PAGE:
FoodFacts.com knows that most of us find ourselves sounding just like our parents with our own children at the dinner table. “Eat your vegetables!” It’s the admonition most heard at dinner time, much to the chagrin of millions of children. We painstakingly prepare vegetables in manners we think will make them more palatable for kids, trying our hardest to get them used to the flavors we know are so important for their health and well-being.
So what’s the deal, anyway? Thinking back on it, we probably weren’t the best vegetable-eaters ourselves when we were children. Now we think they can be delicious components of meals, or even meals themselves! Perhaps our own nutritional awareness expanded (as well as our taste buds) as we grew older.
Now there’s new research that suggests that teaching children nutritional awareness may actually help them develop an appreciation for healthy foods earlier. Coming out of Stanford University and published in Psychological Science, a journal of the Association for Psychological Science, the research began by hypothesizing that preschoolers would be capable of understanding a more conceptual idea of nutrition.
Based on the idea that young children have a natural curiosity and desire to understand why and how things work, the researchers developed five storybooks that simplified various nutrition-related themes. These included dietary variety, digestion, food categories, microscopic nutrients and nutrients as fuel for biological functions.
The researchers assigned some preschool classrooms to read nutrition books during snack time for about 3 months, while other classrooms were assigned to conduct snack time as usual. Later, the preschoolers were asked questions about nutrition.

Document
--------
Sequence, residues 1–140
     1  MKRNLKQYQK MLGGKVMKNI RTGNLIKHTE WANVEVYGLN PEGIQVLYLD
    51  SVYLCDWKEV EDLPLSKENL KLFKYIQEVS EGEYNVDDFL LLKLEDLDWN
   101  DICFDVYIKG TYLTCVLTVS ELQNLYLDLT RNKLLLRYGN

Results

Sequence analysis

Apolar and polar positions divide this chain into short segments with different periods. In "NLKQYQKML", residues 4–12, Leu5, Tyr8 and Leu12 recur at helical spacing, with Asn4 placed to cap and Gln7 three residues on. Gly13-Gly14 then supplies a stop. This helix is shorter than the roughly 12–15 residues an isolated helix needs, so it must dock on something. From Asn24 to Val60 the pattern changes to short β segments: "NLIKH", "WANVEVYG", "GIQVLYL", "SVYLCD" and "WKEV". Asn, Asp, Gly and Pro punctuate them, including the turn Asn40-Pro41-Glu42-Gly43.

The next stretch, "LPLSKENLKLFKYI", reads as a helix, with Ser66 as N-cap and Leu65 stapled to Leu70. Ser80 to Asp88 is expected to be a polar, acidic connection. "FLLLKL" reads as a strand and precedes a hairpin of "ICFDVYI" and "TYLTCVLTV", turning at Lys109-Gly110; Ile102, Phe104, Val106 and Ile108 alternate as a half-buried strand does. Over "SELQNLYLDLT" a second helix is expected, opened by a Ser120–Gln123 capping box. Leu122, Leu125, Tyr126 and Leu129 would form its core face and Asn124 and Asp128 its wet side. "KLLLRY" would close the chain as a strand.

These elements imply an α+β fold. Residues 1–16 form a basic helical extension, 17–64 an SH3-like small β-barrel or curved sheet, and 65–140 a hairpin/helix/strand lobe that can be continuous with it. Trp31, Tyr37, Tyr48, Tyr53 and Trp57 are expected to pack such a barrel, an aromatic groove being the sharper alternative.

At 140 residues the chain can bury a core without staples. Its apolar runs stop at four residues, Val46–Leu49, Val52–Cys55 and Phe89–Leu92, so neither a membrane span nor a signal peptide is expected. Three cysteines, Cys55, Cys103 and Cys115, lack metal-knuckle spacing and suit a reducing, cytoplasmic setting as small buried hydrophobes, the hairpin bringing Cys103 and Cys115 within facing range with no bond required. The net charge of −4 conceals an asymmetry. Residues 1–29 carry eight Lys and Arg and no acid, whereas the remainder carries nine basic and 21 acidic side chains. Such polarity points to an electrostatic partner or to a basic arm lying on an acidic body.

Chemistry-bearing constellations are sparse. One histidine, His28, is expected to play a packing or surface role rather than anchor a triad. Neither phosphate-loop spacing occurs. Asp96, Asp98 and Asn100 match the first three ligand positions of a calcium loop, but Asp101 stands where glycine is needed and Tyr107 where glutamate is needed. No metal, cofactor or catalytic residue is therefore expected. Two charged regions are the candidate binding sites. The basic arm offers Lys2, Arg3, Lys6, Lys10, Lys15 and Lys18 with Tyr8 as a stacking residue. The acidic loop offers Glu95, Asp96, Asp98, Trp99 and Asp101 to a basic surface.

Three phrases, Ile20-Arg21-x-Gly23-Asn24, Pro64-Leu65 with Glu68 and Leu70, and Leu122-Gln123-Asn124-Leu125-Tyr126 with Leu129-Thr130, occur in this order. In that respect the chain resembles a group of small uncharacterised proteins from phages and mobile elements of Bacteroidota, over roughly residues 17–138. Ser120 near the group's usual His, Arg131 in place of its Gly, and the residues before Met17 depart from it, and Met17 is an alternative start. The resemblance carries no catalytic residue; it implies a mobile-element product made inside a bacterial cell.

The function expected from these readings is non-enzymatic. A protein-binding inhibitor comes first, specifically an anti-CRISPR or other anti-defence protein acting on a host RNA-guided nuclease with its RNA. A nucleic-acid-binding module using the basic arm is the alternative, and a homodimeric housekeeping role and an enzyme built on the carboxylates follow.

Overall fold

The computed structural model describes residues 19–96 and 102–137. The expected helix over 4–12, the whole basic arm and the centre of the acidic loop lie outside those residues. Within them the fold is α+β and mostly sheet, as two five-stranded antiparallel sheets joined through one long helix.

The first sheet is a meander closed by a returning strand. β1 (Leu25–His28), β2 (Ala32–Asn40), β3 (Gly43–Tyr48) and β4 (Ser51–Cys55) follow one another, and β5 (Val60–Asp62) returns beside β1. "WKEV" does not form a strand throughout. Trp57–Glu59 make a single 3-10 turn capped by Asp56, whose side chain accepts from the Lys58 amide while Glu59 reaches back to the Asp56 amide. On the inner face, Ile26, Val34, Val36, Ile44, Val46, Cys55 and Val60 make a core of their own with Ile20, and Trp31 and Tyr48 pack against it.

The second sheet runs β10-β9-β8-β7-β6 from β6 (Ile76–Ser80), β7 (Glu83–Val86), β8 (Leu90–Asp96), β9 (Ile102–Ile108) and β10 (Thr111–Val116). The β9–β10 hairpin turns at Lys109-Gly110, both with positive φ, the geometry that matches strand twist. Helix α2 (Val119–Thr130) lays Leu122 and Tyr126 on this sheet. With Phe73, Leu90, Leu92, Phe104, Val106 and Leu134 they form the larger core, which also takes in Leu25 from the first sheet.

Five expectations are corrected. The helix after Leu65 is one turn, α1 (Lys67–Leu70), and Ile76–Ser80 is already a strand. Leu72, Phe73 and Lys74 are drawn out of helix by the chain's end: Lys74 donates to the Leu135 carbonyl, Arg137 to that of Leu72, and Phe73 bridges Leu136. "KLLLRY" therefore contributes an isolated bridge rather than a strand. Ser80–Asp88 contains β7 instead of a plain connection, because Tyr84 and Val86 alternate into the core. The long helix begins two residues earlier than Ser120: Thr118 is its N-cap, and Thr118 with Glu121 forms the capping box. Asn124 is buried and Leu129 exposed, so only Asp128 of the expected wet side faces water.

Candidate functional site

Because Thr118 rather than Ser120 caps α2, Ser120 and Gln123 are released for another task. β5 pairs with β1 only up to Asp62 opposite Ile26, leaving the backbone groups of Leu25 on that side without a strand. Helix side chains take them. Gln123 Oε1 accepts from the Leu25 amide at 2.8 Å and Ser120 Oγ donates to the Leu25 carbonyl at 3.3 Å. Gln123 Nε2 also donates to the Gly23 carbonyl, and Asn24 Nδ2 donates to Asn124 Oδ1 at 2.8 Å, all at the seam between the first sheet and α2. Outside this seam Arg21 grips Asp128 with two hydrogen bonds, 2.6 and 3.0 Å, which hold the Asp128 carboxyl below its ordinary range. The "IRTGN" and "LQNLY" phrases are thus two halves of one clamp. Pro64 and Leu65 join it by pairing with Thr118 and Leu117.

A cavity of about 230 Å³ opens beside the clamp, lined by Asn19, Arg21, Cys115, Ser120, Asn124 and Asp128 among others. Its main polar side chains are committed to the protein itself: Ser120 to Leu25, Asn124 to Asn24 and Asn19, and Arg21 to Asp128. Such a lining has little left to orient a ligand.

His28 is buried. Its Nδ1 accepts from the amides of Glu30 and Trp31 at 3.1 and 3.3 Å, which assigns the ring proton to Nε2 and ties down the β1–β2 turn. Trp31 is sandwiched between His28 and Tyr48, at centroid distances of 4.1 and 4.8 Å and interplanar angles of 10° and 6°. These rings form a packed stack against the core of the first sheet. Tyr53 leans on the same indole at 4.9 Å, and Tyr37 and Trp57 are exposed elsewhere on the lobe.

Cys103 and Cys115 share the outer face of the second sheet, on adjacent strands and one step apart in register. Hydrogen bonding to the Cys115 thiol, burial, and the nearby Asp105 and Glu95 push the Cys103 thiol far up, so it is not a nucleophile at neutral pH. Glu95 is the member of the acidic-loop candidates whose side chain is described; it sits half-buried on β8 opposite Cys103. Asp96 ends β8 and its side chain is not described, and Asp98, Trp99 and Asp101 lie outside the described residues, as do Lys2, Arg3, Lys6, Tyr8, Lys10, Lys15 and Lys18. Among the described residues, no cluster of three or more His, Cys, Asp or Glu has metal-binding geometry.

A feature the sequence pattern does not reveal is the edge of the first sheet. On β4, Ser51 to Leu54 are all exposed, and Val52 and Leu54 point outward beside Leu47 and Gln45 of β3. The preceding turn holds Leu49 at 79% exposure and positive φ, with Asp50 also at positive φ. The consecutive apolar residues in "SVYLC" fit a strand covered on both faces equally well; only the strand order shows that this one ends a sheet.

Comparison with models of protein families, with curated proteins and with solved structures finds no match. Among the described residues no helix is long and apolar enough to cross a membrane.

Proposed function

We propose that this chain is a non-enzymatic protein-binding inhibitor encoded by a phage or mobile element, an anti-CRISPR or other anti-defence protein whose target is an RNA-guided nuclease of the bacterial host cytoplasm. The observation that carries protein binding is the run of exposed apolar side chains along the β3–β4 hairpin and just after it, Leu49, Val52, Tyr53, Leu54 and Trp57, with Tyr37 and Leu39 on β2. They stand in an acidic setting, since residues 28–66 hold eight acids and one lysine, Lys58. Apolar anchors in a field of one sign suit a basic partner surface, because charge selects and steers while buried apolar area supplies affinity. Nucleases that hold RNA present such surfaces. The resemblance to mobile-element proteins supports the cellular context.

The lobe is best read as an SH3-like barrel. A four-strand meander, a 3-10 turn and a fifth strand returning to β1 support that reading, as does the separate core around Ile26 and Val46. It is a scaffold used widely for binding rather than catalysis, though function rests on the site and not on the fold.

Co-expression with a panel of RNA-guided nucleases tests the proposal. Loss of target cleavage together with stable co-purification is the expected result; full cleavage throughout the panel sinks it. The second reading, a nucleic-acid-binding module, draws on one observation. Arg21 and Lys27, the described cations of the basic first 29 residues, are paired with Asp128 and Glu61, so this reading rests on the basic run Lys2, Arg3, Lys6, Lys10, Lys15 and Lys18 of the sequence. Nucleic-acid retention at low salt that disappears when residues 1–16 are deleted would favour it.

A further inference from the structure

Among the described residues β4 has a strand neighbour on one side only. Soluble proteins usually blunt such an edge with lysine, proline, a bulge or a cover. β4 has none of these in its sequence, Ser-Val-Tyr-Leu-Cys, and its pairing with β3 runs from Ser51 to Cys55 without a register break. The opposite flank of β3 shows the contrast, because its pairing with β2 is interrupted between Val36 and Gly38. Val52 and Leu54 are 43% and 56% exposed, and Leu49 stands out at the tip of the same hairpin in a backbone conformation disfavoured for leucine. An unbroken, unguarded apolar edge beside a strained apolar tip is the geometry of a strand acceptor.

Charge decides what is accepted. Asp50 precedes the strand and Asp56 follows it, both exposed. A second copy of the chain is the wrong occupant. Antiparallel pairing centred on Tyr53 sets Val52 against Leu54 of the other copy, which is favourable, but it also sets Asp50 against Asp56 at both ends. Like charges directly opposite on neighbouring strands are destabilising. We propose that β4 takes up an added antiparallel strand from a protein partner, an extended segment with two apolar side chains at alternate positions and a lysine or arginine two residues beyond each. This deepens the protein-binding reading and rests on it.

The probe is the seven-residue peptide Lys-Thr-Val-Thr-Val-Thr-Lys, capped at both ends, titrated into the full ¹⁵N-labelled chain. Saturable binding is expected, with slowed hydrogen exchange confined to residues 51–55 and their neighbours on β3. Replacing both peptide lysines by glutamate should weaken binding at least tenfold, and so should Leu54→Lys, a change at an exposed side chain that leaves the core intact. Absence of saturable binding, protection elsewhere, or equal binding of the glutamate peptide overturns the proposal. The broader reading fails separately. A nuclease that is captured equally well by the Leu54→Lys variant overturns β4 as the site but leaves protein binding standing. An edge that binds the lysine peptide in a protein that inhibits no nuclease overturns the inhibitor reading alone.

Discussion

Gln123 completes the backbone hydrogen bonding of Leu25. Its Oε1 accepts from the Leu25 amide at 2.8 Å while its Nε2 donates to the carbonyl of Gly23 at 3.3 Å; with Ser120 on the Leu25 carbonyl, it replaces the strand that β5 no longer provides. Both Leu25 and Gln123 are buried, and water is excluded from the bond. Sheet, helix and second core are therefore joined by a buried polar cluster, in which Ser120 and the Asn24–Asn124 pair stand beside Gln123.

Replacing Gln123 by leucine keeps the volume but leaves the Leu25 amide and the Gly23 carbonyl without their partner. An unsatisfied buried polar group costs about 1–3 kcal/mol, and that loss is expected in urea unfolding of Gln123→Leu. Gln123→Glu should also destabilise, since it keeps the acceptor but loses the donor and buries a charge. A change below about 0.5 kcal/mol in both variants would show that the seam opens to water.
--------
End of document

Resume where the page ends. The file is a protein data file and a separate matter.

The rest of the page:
The children who had been read the nutrition books were more likely to understand that food had nutrients, and that different kinds of nutrients were important for various bodily functions (even functions that weren’t mentioned in the books). They were also more knowledgeable about digestive processes, understanding, for example, that the stomach breaks down food and blood carries nutrients.
These children also more than doubled their voluntary intake of vegetables during snack time after the three-month intervention, whereas the amount that the control group ate stayed about the same.
When the conceptual program was pitted against a more conventional teaching strategy focused on the enjoyment of healthy eating and trying new foods, the results showed that both interventions led to increased vegetable consumption. Yet, the children in the conceptual program showed more knowledge about nutrition and a greater overall increase in vegetable consumption.
Subsequent research is needed to confirm whether nutritional interventions like these can encourage healthy eating habits in children over the long-term, but the researchers are confident that these results show promise.
FoodFacts.com knows that our children are smart, small humans. They grow increasingly smarter over the generations. We also believe strongly that nutritional awareness is the key to our population’s successful adaptation to healthier lifestyle habits. Teaching our young children the concepts of healthy eating at their own level may have more beneficial effects than simply telling them to eat their vegetables at every meal. And we’ll be empowering them for making a lifetime of healthy eating choices!